It’s sometimes hard to believe that one can go from having everything, or more than many, to not having much at all. But it’s nice to see a person take their lack of resources and still become a success. One person who can relate to this is author Barbara Morrison. A few years after graduating from college with a BA in English, her marriage collapsed and she found herself forced to go on welfare. It is this experience of a world very different from the one in which she grew up that she describes in her memoir, Innocent: Confessions of a Welfare Mother.
Innocent is a coming-of-age story that dispels some of the myths and misunderstandings about those living in poverty. Growing up in a prosperous neighborhood, Morrison was taught that poverty was a product of laziness and public assistance programs only rewarded irresponsibility. However, when her marriage soured, she abruptly found herself an impoverished single mother. Disowned by her parents and facing destitution for herself and her two small sons, she was forced to accept the handout so disdained by her parents and their world: welfare. This dramatic memoir tells how one woman finds and grasps the lifeline that ultimately enables her to become independent.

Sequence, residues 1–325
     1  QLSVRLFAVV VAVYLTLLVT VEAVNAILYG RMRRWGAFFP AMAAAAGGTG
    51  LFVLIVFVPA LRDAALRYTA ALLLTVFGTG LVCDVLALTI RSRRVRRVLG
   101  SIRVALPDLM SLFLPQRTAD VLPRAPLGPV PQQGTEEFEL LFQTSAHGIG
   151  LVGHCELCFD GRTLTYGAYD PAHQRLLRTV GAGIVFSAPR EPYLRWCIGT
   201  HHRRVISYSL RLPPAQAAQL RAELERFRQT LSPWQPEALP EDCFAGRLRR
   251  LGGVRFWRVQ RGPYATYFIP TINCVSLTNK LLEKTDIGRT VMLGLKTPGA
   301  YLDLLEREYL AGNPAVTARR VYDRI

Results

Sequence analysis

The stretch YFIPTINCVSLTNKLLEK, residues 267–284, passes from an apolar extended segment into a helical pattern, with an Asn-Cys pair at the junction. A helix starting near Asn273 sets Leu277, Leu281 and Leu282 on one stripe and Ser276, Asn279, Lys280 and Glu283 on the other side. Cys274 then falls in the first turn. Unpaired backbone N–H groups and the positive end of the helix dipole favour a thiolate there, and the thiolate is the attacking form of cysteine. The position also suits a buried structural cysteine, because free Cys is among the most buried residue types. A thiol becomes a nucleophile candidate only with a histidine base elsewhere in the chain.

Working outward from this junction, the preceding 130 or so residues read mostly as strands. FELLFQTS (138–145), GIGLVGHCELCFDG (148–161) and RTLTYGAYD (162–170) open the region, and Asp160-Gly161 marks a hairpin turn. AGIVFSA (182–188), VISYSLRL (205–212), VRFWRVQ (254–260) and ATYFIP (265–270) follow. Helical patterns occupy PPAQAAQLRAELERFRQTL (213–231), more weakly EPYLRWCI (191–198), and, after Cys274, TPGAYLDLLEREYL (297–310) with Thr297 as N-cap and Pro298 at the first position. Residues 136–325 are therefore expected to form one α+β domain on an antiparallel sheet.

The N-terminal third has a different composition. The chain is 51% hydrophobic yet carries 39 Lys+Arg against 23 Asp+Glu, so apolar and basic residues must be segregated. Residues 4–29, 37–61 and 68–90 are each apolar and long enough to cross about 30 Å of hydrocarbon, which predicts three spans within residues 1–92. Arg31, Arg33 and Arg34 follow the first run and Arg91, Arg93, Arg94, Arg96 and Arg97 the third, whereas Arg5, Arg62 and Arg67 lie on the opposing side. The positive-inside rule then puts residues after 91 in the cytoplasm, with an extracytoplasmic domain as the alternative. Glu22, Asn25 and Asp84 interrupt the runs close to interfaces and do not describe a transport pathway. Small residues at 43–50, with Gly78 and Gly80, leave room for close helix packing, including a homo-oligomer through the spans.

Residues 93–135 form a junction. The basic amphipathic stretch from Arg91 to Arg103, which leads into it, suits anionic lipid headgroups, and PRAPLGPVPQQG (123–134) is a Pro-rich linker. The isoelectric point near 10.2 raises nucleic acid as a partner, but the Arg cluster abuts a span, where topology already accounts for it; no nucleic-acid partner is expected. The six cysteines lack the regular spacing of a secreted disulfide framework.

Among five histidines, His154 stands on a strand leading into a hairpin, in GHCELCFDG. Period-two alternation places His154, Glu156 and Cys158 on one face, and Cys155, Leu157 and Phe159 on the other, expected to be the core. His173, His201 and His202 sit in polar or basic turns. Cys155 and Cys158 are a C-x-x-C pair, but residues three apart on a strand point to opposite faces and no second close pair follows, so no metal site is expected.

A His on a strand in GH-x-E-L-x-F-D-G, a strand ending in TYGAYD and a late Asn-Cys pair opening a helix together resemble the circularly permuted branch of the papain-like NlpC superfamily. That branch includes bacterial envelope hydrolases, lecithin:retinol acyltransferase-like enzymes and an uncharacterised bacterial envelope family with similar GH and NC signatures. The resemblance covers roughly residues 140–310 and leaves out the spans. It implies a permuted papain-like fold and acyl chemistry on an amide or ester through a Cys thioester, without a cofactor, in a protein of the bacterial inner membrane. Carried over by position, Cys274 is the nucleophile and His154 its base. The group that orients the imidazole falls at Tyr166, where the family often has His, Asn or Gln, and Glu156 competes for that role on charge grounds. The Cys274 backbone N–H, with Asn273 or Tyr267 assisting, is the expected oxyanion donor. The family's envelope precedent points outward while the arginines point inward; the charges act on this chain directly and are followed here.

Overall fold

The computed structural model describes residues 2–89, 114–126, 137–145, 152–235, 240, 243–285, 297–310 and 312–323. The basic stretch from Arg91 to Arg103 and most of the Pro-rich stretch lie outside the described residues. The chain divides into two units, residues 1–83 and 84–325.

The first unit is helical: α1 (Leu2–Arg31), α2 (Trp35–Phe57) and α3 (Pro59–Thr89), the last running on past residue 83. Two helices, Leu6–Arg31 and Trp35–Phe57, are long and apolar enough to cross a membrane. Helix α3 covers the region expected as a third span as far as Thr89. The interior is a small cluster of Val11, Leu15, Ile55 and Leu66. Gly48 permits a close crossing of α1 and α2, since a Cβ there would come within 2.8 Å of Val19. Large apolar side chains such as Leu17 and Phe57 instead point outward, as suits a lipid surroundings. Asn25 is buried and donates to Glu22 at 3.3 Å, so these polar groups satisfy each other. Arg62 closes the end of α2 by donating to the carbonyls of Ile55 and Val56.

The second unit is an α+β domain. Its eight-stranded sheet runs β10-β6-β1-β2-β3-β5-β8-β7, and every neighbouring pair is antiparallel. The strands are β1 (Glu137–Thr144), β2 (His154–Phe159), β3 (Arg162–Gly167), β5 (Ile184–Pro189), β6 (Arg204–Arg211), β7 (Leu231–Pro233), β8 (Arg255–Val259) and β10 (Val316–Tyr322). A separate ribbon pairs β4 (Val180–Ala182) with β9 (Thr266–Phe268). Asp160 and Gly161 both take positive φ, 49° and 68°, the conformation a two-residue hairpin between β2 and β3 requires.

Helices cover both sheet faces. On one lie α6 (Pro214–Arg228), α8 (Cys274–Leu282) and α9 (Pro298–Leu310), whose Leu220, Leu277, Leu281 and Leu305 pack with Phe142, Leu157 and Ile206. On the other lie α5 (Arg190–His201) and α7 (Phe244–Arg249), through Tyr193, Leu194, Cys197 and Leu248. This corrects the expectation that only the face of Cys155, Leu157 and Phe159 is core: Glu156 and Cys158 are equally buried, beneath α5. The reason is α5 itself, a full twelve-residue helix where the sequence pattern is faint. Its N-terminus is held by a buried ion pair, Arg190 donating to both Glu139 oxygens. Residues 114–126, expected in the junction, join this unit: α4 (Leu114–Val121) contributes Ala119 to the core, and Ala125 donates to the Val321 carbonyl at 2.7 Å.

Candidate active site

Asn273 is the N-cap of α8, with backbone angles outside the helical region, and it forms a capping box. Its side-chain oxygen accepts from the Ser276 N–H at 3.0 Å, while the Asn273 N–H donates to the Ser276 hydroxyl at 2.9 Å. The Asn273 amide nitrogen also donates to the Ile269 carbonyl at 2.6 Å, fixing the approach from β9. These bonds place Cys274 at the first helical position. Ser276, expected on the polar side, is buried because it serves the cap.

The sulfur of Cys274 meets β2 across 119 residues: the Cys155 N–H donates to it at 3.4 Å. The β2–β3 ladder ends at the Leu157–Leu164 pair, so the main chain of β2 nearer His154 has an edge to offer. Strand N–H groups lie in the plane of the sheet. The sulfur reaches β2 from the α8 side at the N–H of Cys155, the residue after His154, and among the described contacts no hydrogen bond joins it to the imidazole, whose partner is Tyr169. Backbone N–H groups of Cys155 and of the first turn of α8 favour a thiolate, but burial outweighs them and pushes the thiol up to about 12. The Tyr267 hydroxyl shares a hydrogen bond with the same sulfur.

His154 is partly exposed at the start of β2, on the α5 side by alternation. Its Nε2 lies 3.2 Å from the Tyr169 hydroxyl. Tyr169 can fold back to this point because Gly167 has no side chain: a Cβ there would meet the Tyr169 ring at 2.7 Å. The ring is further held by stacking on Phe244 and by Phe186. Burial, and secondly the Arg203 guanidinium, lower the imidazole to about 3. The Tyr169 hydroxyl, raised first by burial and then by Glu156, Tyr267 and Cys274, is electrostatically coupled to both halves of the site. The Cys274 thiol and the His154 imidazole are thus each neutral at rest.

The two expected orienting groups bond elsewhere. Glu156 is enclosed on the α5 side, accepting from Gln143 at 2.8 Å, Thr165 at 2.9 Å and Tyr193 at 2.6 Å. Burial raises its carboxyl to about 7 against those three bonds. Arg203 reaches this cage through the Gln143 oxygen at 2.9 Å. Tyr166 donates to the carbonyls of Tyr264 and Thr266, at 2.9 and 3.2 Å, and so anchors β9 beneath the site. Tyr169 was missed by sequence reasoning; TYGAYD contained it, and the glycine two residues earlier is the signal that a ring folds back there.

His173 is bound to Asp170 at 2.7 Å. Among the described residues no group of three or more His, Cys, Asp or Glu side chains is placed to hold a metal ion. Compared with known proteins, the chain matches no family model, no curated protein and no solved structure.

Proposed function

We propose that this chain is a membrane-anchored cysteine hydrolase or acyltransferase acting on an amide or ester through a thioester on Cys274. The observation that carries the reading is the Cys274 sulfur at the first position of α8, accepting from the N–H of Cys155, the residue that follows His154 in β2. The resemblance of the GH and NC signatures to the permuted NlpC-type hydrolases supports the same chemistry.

When she read Barbara Ehrenreich’s Nickel and Dimed, about people working minimum wage jobs, Morrison wished someone would write a similar book about welfare mothers. Writer and teacher Marita Golden persuaded her to be that someone. Innocent has won several awards including a bronze IPPY from Independent Publishers and Finalist for ForeWord Review’s Book of the Year for Memoir/Autobiography. Hillary Rodham Clinton said of Innocent, “I am grateful to you for sharing your personal story and demonstrating the positive impact that social assistance programs make upon families, communities, and our country. Yours is a vital story to tell.”
Bio: Barbara Morrison, who writes under the name B. Morrison, is the author of a memoir, Innocent: Confessions of a Welfare Mother, and two poetry collections. Terrarium and Here at Least. Barbara’s award-winning work has been published in anthologies and magazines. She conducts writing workshops and, as the owner of a small press, speaks about publishing and marketing. She has maintained her Monday Morning Books blog since 2006 and tweets regularly about poetry @bmorrison9. For more information, visit her website and blog at http://www.bmorrison.com.
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